Films inspired by the fall of the Berlin wall

The Goethe Institute, the German Institute of Montreal began its Best of the 90s: German Highlights showcase, featuring 14 of the best German films from the previous decade last Sept. 12. Included in the screenings were the first two films by the director of Run Lola Run, Tom Tykwer.

The Goethe Institute, the German Institute of Montreal began its Best of the 90s: German Highlights showcase, featuring 14 of the best German films from the previous decade last Sept. 12.

Included in the screenings were the first two films by the director of Run Lola Run, Tom Tykwer. Running until Dec. 13, the showcase celebrates the diversity of German cinema and the many young and gifted directors that produced films dealing with the fall of the Berlin Wall in 1989.

Prior to the re-unification of Germany, the majority of directors were churning out films dealing with dark and cerebral subject matter, alienating themselves from their potential audiences.

With a re-unified Germany, the east and the west found themselves struggling to adapt to one another, in turn creating economic and social turmoil. People saw films as a release from these problems and this, according to showcase organizer Kaisa Tikkanen, is one of the primary reasons for such a dramatic change in the filmmaking. “When it came to cinema, Germans preferred watching films with comedic elements to them, rather than watch a more serious film,” she says.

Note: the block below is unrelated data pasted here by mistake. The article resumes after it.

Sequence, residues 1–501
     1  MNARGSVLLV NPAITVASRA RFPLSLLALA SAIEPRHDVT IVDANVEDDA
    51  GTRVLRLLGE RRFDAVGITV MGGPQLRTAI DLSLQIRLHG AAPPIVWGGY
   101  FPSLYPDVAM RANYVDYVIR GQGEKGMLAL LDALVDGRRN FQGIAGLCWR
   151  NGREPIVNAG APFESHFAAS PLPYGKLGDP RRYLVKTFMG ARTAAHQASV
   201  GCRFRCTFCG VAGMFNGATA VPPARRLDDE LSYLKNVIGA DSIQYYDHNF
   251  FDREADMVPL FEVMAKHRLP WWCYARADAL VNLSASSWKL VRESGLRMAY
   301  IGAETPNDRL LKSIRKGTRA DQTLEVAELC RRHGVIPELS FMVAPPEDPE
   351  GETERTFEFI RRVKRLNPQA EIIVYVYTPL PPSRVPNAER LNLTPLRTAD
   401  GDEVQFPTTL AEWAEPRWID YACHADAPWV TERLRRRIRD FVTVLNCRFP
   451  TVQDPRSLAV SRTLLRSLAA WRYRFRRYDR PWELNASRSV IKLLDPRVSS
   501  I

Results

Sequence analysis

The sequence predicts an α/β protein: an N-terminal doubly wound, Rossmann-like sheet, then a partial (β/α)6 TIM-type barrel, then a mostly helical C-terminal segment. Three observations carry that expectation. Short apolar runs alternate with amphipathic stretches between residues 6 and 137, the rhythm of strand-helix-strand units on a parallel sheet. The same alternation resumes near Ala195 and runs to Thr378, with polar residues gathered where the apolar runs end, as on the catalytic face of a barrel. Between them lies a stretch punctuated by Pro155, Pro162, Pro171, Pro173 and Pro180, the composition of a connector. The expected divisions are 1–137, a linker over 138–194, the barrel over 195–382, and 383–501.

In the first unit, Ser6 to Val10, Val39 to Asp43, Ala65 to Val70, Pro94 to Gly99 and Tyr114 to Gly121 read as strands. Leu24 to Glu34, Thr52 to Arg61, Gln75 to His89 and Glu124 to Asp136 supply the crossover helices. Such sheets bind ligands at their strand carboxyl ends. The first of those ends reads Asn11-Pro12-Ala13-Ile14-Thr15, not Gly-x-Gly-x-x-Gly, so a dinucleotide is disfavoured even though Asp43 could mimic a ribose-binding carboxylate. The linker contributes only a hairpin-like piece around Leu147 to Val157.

With this new approach to filmmaking, up-and-coming directors saw an opportunity to create unique films that could transcend the norms that had previously existed in German cinema. Diversity reigned – comedies, satires, thrillers, and dramas began sprouting up. While many directors were interested in establishing an engaging narrative and reaching a broader audience, others were making films for the sole purpose of creating art.

This eclecticism is something that the Best of showcase has tried to capture.
“What we wanted to do was reflect the trends and important directors working in Germany today,” says Tikkanen. “We could generalize and say that most directors are interested in reaching a wider audience and have a more commercial goal in mind, but I feel it’s important to support films that have artistic merit, where directors are trying to create challenging films and have something personal to say.”

Tikkanen hopes the showcase, which screens half the films with English subtitles and the other half with French subtitles, will provide an opportunity to experience German cinema in all its diversity.

She points out that an ordinary filmgoer might see a German film at the Montreal Film Festival and will lose interest if the film fails to catch their eye. “What this showcase does is show a great variety of films and each one is good for different reasons. It’s a wonderful opportunity, in a condensed format, to be able to see the best films so that people can get the sense that there’s a lot of interesting things happening in terms of cinema in Germany.”

As the Best of showcase celebrates the works of primarily young directors, Tikkanen hopes this attracts a younger audience. Most of the films, she says, feature young people as the primary characters and have a very youthful feel to them.

Best of the 90s: German Highlights Showcase is at the Goethe-Institute Centre Culturel Allemand, 418 Sherbrooke. Phone: 499-0159.

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